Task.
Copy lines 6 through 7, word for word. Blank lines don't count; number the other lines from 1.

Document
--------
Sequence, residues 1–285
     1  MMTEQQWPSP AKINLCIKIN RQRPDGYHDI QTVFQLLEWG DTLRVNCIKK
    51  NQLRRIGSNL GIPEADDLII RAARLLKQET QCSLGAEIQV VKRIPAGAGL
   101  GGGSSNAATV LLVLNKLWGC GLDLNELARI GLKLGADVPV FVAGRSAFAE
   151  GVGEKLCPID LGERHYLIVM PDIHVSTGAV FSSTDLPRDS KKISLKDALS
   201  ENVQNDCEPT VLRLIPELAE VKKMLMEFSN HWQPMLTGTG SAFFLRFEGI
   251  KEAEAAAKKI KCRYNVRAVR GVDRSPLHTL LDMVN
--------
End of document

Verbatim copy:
   201  ENVQNDCEPT VLRLIPELAE VKKMLMEFSN HWQPMLTGTG SAFFLRFEGI
   251  KEAEAAAKKI KCRYNVRAVR GVDRSPLHTL LDMVN